Application of Novel Charge-Imbued Polymeric Membrane towards Protein Purification
- Victor Rodgers, Department Chair, Professor of Bioengineering, University of California, Riverside
- David Jassby, Assistant Professor of Chemical & Environmental Engineering, University of California, Riverside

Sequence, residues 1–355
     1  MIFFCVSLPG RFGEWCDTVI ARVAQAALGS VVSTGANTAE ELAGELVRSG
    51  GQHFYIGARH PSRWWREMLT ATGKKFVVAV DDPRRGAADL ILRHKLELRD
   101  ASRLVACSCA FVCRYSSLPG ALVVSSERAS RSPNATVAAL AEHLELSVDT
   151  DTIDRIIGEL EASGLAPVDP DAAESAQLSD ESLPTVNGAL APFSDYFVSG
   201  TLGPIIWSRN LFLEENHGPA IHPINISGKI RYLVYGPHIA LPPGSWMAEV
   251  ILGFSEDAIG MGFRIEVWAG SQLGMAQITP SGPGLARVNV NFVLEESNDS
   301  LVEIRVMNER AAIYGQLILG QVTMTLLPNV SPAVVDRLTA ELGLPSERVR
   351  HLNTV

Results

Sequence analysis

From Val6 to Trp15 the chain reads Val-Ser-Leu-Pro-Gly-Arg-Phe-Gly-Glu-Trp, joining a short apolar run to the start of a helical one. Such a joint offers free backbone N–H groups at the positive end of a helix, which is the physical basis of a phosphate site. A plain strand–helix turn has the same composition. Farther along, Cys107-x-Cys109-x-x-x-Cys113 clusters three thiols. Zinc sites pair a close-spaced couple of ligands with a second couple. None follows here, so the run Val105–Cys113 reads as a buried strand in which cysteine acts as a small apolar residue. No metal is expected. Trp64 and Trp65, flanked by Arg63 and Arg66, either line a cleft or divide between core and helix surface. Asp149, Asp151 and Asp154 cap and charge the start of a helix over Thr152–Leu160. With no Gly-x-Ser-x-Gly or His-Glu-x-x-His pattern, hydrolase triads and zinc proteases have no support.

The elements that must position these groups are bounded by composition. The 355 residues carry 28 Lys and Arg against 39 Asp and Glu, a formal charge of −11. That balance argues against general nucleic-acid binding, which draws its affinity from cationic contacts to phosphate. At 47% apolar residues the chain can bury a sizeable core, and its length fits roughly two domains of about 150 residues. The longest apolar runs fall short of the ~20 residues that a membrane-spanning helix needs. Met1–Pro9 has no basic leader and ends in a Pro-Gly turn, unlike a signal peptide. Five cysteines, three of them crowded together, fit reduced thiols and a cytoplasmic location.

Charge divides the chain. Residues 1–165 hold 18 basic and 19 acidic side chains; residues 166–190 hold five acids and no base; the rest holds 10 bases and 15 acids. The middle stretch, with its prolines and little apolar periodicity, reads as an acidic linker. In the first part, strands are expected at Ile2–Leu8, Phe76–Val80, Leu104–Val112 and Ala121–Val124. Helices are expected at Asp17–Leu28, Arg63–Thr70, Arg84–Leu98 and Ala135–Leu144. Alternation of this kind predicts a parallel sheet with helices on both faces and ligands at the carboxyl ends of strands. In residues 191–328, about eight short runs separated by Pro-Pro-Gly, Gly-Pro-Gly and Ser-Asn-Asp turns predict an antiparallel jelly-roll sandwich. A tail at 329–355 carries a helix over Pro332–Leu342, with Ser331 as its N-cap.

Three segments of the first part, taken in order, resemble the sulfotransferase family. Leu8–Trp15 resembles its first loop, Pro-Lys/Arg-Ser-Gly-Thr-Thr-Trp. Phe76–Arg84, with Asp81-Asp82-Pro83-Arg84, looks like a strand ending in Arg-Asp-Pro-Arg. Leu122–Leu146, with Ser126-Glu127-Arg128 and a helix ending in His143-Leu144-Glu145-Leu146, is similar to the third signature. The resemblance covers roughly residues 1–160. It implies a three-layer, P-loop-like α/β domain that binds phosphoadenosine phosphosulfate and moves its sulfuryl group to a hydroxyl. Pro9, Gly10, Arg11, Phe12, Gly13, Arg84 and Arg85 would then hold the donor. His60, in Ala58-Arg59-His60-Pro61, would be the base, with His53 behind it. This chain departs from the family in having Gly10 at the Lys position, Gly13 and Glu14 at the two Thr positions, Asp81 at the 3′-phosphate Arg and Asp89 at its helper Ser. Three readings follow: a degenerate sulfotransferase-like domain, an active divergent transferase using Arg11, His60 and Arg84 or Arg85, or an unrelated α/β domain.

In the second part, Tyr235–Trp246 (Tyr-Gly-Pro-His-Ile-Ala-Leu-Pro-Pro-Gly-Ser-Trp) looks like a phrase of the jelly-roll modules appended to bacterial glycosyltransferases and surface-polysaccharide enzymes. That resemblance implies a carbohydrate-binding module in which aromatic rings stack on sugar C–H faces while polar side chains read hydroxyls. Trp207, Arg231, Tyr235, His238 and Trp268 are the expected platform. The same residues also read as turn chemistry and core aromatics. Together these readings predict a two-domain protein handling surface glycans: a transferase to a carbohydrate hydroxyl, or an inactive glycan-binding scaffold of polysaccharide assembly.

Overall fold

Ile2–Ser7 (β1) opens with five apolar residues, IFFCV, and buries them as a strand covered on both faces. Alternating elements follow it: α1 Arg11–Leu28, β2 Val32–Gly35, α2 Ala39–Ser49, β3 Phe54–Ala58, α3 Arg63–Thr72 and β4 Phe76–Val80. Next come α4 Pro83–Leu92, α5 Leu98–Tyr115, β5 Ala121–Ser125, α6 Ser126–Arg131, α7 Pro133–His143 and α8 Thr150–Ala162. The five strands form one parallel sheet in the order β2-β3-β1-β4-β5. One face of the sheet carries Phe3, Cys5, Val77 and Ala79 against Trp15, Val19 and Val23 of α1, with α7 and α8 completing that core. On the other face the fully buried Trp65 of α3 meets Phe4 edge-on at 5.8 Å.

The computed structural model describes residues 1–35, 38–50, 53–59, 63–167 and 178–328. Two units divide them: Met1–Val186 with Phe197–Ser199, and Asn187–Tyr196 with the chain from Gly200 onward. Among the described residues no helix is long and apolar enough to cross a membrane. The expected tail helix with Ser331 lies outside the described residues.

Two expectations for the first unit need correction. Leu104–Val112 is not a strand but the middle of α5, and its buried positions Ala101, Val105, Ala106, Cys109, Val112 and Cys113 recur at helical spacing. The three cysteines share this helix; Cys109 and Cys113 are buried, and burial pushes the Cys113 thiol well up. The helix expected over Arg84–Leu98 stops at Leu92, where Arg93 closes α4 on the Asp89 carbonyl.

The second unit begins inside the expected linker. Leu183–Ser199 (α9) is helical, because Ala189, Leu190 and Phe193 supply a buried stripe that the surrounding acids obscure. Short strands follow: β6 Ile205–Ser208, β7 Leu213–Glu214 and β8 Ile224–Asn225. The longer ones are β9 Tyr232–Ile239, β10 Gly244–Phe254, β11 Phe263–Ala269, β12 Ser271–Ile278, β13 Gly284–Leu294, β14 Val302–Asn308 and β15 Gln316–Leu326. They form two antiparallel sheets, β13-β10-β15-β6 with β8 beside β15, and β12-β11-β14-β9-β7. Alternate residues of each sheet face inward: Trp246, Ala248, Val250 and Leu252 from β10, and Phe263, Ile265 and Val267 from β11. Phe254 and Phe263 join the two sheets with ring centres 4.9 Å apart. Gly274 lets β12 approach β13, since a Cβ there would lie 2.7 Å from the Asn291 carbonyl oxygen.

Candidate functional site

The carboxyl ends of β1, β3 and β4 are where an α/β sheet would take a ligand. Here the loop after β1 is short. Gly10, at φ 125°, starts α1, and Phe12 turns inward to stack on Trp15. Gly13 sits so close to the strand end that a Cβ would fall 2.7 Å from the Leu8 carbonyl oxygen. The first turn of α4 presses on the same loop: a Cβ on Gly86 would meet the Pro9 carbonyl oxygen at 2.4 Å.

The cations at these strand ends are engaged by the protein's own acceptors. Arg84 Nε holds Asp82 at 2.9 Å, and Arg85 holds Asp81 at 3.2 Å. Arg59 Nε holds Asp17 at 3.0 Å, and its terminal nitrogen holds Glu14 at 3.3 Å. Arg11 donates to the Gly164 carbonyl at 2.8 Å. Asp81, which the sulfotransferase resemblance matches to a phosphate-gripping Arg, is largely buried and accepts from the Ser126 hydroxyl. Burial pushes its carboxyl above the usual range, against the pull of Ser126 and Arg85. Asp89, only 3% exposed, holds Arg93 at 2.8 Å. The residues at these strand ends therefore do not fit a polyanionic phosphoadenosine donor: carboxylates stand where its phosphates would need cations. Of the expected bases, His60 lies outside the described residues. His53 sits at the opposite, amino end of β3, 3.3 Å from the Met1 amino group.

The incorporation of electrically conductive polymers into ultrafiltration membranes holds the potential to add an additional dimension to current protein separation methodologies, such as those used in isolating target proteins from extraneous proteins in drug production. Here, a novel electrically conductive, poly(vinyl alcohol) carbon nanotube (PVA-CNT) membrane was used to evaluate sieving, hydraulic permeability and biofouling in protein ultrafiltration studies. Specifically, a study was performed using a tangential-flow ultrafiltration device with a 30,000 MWCO membrane, operating pressure of 5 psi, and crossflow shear rate of 194 s-1. Feed solutions of 0.5 g/L bovine serum albumin (BSA, RPI Corp., Mount Prospect, IL) in 50 mM NaCl at pH 7.4 were prepared. Experiments were conducted at different electric potentials applied across the membrane and an opposing carbon-fiber mesh, positioned so that the feed would flow tangentially between them. Retentate and permeate samples were collected at fixed time intervals, and their BSA concentrations were analyzed using HPLC (Beckman-Coulter, Brea, CA) with a BioSep SEC S3000 size exclusion column (Phenomenex, Torrance, CA). The sieving coefficient, the ratio of permeate concentration to retentate concentration, was determined to characterize changes in protein-membrane interactions. The results demonstrated that, due to increased negative applied charge, the observed sieving coefficient for BSA decreased while the permeate flux increased. In the 3.0 V case, where the membrane was treated as the cathode terminal, the average observed sieving coefficient underwent a 97.88% reduction and the average permeate flux increased by 20.63%. However, variance of the applied voltage did not display an impact on membrane hydraulic permeability. This suggests enhanced protein rejection by the PVA-CNT membrane due to coulombic force contributions. Binary protein ultrafiltration studies will be conducted to further understand the protein-membrane interactions, by observing the changes in protein separation efficiency.